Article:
The rub, of course, is that we can never be certain whether our tax rate will be higher or lower in the future. Even if you expect that your income will be lower in retirement, you may also lose lots of deductions (mortgage interest, retirement-plan contributions) that could result in a higher rate. And there's always the chance that Congress could raise tax rates, hardly a stretch given the difficulties Social Security and Medicare face.

But by putting money in both a 401(k) and a Roth IRA, you're hedging your bets. I call this strategy "tax diversification" because, like asset allocation, it prevents you from making an all-or-nothing bet (although in this case, you're protecting yourself by diversifying your exposure to tax rates instead of different types of investments).

I'd also add that having different pots of money taxed different ways gives you more flexibility in managing your income in retirement. If, for example, withdrawals from a 401(k) combined with Social Security and other income are about to push you into a higher tax bracket in a given year, you can always dip into your Roth. (For more on the advantages of tax diversification, click here.

So how can you maximize the advantages of both these savings plans? Well, that brings us to the heart of my Strategy for Dealing with the 401(k) vs. Roth IRA Question. It's quite simple, really.

You start by contributing enough to your 401(k) to get the full employer match. This will give you the biggest bang for your 401(k) bucks: the convenience of payroll deductions, the upfront tax break and your employer's matching funds, aka "free money."

Next, contribute as much as you can to a Roth IRA, up to the limit. By taking this step, you get the advantage of tax-free withdrawals down the road, plus you get the tax diversification I referred to earlier.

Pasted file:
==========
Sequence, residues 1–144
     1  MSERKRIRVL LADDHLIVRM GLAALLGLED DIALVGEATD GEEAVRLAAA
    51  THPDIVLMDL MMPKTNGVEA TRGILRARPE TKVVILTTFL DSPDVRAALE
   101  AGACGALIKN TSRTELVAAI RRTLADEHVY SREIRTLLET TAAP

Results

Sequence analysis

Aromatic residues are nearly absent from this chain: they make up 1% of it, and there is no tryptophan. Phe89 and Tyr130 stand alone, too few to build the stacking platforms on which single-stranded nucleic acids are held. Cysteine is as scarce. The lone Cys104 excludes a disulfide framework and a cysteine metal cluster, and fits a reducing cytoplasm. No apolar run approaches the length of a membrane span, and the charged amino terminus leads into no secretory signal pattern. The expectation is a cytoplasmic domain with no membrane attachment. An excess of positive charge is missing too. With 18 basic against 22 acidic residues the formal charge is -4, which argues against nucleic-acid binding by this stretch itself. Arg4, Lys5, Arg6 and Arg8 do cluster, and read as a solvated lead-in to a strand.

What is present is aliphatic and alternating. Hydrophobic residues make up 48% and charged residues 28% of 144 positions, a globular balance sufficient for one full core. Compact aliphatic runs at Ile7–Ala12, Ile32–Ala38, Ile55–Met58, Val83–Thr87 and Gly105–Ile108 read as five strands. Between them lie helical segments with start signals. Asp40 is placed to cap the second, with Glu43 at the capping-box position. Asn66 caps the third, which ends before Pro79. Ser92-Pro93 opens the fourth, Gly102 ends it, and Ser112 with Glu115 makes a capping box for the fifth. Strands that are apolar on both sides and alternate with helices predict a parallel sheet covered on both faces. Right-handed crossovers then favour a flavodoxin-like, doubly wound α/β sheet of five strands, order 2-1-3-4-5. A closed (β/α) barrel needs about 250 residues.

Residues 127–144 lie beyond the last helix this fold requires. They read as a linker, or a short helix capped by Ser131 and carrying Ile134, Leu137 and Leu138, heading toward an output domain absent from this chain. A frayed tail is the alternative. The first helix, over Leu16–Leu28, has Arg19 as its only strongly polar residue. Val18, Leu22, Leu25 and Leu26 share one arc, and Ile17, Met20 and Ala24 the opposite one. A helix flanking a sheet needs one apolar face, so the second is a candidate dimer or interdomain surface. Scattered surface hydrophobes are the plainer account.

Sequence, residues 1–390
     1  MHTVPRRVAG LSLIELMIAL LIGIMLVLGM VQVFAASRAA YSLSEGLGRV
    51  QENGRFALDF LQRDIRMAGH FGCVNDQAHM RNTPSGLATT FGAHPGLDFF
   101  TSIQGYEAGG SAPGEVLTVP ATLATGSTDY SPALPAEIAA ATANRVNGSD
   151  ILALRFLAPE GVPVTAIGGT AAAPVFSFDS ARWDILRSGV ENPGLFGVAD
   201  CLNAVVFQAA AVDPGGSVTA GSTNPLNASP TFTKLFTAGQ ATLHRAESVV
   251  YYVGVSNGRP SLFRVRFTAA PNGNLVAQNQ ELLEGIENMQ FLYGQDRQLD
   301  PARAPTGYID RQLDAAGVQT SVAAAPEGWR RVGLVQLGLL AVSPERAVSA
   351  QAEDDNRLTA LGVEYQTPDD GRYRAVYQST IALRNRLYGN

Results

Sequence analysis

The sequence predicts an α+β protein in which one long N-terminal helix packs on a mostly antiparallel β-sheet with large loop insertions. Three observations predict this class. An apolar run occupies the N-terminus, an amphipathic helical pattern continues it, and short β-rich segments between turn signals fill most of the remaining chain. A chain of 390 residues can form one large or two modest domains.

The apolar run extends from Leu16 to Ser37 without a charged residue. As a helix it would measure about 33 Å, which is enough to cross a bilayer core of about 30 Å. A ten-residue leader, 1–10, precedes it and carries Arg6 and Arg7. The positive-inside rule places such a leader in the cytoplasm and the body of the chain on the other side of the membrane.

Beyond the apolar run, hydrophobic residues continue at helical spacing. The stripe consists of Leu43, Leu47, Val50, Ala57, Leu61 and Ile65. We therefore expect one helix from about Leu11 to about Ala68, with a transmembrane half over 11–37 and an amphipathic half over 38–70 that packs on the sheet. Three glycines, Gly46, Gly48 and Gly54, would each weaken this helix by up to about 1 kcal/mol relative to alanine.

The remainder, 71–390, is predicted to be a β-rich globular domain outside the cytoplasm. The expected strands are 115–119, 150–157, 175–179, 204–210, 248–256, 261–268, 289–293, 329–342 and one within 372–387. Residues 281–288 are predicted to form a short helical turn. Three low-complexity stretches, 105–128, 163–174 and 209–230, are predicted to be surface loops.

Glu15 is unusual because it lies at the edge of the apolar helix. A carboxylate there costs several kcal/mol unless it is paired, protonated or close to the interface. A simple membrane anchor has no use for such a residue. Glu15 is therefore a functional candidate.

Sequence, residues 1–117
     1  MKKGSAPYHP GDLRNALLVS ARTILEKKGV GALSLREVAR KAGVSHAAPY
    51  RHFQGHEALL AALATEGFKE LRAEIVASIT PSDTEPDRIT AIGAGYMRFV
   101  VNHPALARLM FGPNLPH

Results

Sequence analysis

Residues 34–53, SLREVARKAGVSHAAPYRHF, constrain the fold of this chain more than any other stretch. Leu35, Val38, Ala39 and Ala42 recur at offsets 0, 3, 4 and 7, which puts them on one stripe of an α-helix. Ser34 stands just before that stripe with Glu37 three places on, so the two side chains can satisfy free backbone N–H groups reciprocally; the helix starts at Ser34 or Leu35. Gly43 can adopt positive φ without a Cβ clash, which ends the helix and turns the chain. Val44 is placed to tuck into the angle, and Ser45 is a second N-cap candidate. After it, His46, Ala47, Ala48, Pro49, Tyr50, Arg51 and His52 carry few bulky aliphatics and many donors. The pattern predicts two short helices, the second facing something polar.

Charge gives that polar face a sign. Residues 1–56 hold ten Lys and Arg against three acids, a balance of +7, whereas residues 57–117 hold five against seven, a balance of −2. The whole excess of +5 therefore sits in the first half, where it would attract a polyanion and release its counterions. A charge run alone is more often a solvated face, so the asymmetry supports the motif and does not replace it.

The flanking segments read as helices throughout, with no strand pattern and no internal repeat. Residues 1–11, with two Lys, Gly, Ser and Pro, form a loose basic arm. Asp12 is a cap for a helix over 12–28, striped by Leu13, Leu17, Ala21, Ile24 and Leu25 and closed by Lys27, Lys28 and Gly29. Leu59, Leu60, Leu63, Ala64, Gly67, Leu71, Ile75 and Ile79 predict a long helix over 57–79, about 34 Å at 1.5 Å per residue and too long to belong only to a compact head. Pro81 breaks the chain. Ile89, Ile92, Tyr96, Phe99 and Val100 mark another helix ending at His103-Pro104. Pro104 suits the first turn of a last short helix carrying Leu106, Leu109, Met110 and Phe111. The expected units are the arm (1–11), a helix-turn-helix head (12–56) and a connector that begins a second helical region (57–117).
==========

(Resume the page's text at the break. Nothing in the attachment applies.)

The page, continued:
If you still save more money after this and I hope you can, since for many people these two steps alone won't lead to a nest egg large enough to assure a comfortable retirement then funnel your additional savings into your 401(k) until you reach the contribution limit. You won't be getting the bonus of an employer match, but you'll still get the convenience of payroll deductions, plus your money will grow without the drag of taxes until you withdraw it.

And if you are able to save still more? Well, then plow that money into taxable accounts with an eye toward options such as tax-managed funds, index funds and ETFs, all of which minimize how much of your gains go to the tax man. (For more on these options, click here.

Now, as a practical matter, you're not going to contribute to your 401(k), then do the Roth, then go back and increase your contribution to your 401(k). That would be unwieldy.

Rather, just sit down at the beginning of the year and figure out how much you can afford to save try to err on the side of socking away more and calculate how much you'll need to get the full 401(k) match. Next, add in the Roth and then see what's left over for the 401(k). You can then set your annual 401(k) contribution based on the total amount you can put into the 401(k) after allowing for the Roth. (If you later find you can save more and you aren't maxing out your 401(k), you can always go to your HR department or 401(k) administrator and up your contribution during the year.)

In any case, that's the strategy in a nutshell: do the 401(k) to the full match, then the Roth, back to the 401(k) and, if you can save still more, look for good options in taxable accounts.

If you do this on a regular basis, you should not only have a nice fat nest egg when you retire, you should also gain some decent maneuvering room for reducing the tax bite on withdrawals from that nest egg during retirement.